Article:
Champaign County developing first comprehensive plan since 2004

Champaign County is asking residents to fill out a survey on issues that stretch from housing preferences to what kinds of entertainment should be available as part of a long-term comprehensive plan.

The county is working with the Logan-Union-Champaign Regional Planning Commissioner to develop the plan, which is expected to be finished by the end of this year, said Steve Hess, Champaign County commissioner. It’s been more than a decade since the last plan was updated in 2004, he said. But the project is helpful when local entities are seeking grants or when local government officials determine which priorities to focus on, he said.

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“We’re trying to create a foundation for the future of the county,” Hess said.

As part of the process, the LUC developed a 30-question survey and is asking for input from residents, said Dave Gulden, director of the LUC. The questions focus on a range of issues, including the kind of housing people would prefer to be developed over the next decade and how residents rate the quality of the county’s infrastructure.

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For example, one question asks residents whether they’d prefer to see more residential subdivisions, loft apartments or more housing for the elderly. Another asks what kinds of recreational activities would benefit the county most, including concerts, community gardens, festivals or art exhibitions.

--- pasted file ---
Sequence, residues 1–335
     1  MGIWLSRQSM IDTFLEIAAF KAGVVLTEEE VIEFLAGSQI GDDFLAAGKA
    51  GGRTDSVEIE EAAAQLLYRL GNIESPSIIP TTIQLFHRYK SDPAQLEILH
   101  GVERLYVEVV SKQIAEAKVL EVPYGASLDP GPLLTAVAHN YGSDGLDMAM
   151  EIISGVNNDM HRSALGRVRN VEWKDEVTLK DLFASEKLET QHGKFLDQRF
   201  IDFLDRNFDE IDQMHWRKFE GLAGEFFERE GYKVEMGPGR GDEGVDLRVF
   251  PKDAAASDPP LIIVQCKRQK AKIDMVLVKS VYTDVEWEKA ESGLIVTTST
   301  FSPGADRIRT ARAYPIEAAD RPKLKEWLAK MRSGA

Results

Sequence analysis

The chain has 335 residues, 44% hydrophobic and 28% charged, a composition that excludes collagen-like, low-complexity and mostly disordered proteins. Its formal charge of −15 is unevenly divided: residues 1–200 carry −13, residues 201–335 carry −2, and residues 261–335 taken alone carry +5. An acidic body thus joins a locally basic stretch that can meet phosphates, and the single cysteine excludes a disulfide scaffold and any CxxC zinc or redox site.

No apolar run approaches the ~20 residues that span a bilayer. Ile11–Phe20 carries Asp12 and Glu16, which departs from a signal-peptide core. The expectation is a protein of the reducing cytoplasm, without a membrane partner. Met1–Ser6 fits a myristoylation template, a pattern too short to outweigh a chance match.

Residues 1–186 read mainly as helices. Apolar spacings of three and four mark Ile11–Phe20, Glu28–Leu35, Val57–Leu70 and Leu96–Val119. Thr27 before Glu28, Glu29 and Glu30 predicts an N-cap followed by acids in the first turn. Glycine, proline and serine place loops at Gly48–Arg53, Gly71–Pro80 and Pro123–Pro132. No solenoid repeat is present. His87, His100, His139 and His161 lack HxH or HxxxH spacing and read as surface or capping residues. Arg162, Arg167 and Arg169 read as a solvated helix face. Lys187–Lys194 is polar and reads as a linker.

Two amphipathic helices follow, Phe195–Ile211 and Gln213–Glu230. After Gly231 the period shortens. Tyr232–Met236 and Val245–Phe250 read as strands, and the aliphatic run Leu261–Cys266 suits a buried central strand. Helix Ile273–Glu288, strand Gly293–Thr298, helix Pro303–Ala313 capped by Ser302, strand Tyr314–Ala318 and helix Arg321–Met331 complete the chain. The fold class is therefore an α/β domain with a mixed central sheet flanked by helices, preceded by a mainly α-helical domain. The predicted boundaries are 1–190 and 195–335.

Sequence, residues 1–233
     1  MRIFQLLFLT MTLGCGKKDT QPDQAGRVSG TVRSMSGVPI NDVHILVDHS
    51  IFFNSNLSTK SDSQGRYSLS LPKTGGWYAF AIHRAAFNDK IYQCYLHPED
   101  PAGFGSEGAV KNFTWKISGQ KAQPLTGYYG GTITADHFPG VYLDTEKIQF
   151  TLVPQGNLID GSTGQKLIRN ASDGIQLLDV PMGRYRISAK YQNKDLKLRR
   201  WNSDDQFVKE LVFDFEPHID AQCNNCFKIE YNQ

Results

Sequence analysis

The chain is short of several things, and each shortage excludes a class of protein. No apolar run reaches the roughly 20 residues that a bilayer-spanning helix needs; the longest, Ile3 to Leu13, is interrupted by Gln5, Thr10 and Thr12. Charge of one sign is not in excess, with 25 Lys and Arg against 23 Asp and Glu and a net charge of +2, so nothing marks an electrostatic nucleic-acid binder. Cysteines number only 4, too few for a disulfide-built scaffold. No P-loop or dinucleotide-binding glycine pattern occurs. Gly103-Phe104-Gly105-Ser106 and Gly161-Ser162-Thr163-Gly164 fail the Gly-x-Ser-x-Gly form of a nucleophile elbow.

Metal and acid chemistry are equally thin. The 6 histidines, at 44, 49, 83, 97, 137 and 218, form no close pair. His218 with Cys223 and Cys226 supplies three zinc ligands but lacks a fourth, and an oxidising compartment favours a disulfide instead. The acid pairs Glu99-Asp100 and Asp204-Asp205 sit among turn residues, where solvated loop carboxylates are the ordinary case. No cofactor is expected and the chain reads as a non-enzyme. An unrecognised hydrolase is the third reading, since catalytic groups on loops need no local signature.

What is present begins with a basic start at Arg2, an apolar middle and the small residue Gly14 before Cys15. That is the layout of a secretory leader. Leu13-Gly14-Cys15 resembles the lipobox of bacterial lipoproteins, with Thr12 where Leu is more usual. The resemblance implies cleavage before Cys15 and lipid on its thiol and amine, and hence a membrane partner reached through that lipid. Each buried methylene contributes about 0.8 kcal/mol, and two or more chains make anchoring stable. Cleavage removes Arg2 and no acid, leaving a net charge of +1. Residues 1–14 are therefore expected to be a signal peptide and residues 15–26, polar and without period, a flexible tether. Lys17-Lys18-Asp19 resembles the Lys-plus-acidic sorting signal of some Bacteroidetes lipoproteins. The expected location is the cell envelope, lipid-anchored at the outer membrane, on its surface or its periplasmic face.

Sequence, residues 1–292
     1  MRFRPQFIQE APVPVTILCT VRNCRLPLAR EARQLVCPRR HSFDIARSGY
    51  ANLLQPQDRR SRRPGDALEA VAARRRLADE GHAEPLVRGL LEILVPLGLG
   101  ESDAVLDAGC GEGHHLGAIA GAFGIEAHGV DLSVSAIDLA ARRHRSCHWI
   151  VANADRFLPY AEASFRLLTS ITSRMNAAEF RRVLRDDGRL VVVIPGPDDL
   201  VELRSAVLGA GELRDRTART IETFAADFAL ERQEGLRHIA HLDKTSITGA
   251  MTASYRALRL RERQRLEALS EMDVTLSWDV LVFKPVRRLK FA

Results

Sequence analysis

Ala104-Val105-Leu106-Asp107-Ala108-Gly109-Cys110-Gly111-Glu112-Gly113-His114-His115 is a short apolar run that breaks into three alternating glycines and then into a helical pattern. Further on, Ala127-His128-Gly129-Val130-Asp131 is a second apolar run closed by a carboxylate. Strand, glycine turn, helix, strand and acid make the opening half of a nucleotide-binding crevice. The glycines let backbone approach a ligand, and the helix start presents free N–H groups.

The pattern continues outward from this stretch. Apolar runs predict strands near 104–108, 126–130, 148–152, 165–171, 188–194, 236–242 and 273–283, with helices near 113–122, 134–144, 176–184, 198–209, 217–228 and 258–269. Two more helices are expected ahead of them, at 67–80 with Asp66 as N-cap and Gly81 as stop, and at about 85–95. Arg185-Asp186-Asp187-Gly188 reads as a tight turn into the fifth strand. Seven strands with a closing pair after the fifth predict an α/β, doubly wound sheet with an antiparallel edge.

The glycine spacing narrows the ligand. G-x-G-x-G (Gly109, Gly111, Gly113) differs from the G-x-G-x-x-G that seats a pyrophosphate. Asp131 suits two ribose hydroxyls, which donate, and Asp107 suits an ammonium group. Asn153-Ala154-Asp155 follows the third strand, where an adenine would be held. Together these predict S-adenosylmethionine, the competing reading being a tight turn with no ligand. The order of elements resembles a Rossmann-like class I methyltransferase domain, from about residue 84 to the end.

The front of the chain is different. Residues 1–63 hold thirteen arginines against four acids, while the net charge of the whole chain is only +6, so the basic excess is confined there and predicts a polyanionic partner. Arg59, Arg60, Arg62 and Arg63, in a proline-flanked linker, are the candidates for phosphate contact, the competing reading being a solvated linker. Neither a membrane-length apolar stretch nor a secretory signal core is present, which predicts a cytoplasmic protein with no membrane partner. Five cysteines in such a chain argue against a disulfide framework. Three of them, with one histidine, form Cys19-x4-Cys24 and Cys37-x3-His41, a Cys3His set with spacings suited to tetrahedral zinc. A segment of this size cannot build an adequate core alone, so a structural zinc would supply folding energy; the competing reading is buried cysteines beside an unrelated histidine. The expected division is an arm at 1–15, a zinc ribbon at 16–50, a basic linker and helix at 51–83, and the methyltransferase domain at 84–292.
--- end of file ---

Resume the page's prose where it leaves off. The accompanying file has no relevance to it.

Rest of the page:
The plans ideally are updated at least about every 10 years, Gulden said.

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“With the way things are changing with technology and the economy we’re eventually seeking five-year updates but we’re going to get this big update out of the way this year,” Gulden said.

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The plan will also guide how local officials will develop zoning regulations and land use plans for the region for the future. The LUC will make the survey available on its website until June 22, Gulden said. Both Hess and Gulden said one key reason for an update is to have a better shot at acquiring grants for various projects in the county.

“Those who award the grants like to see that the community has identified the need for those grant dollars, whether its transportation projects, preservation of natural area or bike trails,” Hess said.

He said Urbana, the county and other entities in the county are each chipping in to cover the cost of developing the plan.

A steering committee, made up from representatives from all across the county will periodically review whether local officials are following the plan when making decisions, Gulden said. He pointed to the development of the Simon Kenton Trail bike path after the 1993 comprehensive plan as one success tied to past planning.

On the web:

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